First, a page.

Megan McArdle, Lawyer, Ethicist, Historian.

She’s not even trying anymore. (And thankfully that means I don’t need to haul out my 5,000 word howitzer to shoot this bit of ephemera down.)

Here’s Ms. McArdle  on the Goldman hearings — uncut, not cherry-picked:

Now Levin is grilling a Goldman employee as to why they continued to sell a deal that the head of the division had described as “a shitty deal”.  The banker is trying to explain that he’s a salesman, not a fiduciary, with little success.  What I want to know is–didn’t these guys learn a damn thing from the show trials of the last decade?  These are the kinds of things that should never, ever be committed to any form that can be subpoena’d by a committee.

So the key issues in this incident in our public life  are  (a) that Goldman too fully documented its business practices (that’s the legal eagle McArdle at work); (b) that the key wrong here is being called to account for those business practices, not any acts by the witness or his employer (here’s McArdle’s keenly honed sense of right and wrong firing); and (c) that the injustice of asking for justification for said business practices, and the implication that these might have been less than savory, is of the same rank odor as these.  (And here we see the fine McArdle understanding of the lessons of the past in all its glory.)

Update: Per Downpuppy’s comments below — yes, McArdle qualifies the phrase “show trial” with “of the last decade,” meaning, I guess, something to do with Enron or the like.  But the

This is, of course, standard operating procedure for the Big Lie right.  In case you hadn’t noticed, there is a systematic rhetorical trope of delegitimizing the acts of the Obama administration and the current Democratic Party -led Congress in particular, and the idea of government action in general.  To McArdle, the notion that any Congress should interrogate the “free” market is a travesty; and though McArdle masks some of her partisanship under a veneer of the faux libertarian’s “pox on both their houses” rhetoric, she and her many fellow travelers frame the acts of this particular administration as being distinctively odious, specially intrusive and in violation of ideas of liberty to a degree unprecedented in American politics.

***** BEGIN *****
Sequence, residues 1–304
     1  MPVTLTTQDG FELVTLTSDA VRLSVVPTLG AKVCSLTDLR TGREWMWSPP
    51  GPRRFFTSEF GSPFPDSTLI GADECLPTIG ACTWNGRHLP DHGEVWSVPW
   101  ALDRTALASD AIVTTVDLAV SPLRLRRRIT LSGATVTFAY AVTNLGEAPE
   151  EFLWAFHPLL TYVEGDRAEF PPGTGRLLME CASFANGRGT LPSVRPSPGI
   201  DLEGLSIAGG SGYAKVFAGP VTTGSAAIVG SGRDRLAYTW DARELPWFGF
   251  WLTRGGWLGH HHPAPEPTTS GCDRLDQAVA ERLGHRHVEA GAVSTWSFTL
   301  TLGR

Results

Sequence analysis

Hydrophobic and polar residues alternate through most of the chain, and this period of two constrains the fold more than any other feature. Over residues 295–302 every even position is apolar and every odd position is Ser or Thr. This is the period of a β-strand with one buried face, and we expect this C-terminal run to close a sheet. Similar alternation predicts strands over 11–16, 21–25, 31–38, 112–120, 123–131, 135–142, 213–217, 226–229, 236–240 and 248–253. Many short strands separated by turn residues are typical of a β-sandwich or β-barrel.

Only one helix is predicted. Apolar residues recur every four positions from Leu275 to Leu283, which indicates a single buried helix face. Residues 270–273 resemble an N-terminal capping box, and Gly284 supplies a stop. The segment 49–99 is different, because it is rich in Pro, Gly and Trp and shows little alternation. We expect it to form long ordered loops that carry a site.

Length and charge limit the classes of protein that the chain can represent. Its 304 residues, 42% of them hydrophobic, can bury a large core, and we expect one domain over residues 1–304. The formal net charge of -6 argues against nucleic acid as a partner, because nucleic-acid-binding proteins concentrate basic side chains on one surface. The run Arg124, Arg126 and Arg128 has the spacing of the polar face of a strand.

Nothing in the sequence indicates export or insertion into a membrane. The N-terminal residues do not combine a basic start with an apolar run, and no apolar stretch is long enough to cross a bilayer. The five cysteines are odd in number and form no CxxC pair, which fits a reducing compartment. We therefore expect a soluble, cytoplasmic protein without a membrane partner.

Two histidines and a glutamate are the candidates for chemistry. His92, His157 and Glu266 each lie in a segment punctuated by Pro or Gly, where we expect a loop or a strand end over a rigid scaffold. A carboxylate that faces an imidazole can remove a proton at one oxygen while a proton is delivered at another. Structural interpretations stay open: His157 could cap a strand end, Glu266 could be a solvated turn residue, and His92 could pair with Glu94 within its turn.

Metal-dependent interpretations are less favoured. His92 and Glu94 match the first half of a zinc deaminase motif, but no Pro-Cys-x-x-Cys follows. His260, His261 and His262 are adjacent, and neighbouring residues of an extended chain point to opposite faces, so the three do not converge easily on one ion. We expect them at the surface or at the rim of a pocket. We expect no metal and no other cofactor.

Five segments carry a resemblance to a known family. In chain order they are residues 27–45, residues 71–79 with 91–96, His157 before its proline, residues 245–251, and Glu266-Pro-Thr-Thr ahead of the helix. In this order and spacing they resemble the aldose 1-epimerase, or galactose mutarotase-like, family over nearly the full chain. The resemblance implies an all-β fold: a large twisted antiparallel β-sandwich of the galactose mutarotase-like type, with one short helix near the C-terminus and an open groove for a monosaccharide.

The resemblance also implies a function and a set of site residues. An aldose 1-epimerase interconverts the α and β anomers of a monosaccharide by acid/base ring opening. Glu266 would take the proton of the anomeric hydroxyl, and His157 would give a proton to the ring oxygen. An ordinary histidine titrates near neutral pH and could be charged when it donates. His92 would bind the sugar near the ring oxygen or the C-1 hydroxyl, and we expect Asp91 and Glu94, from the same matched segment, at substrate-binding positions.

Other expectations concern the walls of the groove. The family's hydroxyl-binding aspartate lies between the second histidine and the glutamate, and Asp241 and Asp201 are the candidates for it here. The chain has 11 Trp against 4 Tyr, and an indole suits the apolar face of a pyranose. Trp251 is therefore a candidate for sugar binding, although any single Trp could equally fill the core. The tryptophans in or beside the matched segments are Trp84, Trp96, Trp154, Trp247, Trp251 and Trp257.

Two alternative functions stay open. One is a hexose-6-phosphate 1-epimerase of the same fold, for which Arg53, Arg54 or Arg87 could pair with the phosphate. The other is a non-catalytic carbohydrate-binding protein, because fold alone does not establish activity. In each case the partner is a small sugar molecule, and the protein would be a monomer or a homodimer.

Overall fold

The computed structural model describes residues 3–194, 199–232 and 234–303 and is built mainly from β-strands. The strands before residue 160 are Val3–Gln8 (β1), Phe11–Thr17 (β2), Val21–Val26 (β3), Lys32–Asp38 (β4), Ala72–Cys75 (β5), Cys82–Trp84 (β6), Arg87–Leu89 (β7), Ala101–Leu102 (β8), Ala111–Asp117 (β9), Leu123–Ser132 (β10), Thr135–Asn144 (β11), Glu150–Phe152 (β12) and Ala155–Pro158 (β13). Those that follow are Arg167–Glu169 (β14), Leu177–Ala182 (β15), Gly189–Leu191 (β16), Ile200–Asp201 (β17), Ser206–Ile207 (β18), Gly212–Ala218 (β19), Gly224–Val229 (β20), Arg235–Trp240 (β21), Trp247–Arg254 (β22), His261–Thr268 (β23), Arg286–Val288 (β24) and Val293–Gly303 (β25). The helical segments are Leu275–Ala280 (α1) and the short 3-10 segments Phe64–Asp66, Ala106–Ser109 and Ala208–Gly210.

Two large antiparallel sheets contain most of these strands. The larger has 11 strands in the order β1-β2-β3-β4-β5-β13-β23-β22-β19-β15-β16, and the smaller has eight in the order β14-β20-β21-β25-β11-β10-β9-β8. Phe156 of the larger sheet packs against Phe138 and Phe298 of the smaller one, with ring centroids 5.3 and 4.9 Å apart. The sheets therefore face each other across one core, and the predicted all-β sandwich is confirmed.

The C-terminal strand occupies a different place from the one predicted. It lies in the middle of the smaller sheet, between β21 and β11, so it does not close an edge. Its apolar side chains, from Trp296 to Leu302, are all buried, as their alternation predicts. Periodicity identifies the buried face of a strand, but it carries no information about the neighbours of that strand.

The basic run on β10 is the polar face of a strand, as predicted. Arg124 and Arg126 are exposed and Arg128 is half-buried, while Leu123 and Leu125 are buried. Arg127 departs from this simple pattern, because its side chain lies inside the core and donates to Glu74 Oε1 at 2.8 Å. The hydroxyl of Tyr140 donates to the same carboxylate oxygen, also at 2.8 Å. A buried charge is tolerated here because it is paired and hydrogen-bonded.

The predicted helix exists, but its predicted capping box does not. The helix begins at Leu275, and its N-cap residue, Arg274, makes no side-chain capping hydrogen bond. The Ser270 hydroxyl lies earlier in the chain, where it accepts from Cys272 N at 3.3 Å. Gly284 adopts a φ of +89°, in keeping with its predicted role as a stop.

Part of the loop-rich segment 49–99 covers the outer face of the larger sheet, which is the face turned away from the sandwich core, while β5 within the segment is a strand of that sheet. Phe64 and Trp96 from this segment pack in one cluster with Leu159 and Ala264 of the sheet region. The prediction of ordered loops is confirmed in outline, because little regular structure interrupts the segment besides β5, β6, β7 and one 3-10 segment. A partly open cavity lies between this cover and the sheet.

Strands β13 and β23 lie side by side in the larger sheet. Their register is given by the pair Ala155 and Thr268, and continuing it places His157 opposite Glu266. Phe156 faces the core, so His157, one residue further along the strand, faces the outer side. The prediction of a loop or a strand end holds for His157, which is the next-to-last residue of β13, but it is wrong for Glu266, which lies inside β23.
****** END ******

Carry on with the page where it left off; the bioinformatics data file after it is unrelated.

Nonsense of course — see, e.g. Hendrik Hertzberg’s depressingly mild rebuke of that similarly glib and much more overtly genial partisan propaganda monger/would-be public intellectual, David Brooks.

And really — even for the relentlessly sloppy and supericial McArdle, this is a terribly weak effort.  Questioning by a Senator with full advice of counsel and a few billion dollars behind you is of the same order as one of Stalin’s court cases, from which the only exit could be a bullet to the brain?  The moral midgetry required to make the comparison is breath taking —  and illustrative.

Update: Per Downpuppy’s comments below — yes, McArdle qualifies the phrase “show trial” with “of the last decade,” meaning, I guess, something to do with Enron or the like.

But the point I’m trying to get across here, expressed perhaps a little too elliptically above, is that the use of an term like “show trial,” even qualified, is of a piece with a broader rhetorical move on the seditious right to conflate, say, a mild, originally conservative-supported health care reform with a vast government overreach of a scale Stalin or Hitler would recognize.  There is a kind of dual outrage inflation/sense or judgment dulling that comes with  the use of words like statism, or over reach, or socialism or fascism — or show trials, with all the 20th century baggage that such an epithet evokes.

In this context, besides being incoherent (what does she have in mind as a show trial of  2001-2010 decade?  I really got nuthin, unless she truly does believe that Ken Lay and Andy Fastow are martyrs on the altar of Ms.Rand) McArdle’s attempt to qualify her use of the loaded “show trial” is merely a fig leaf, really a tell:  that she has to modify her rhetoric here strongly suggest that she knows just how noxious it really is.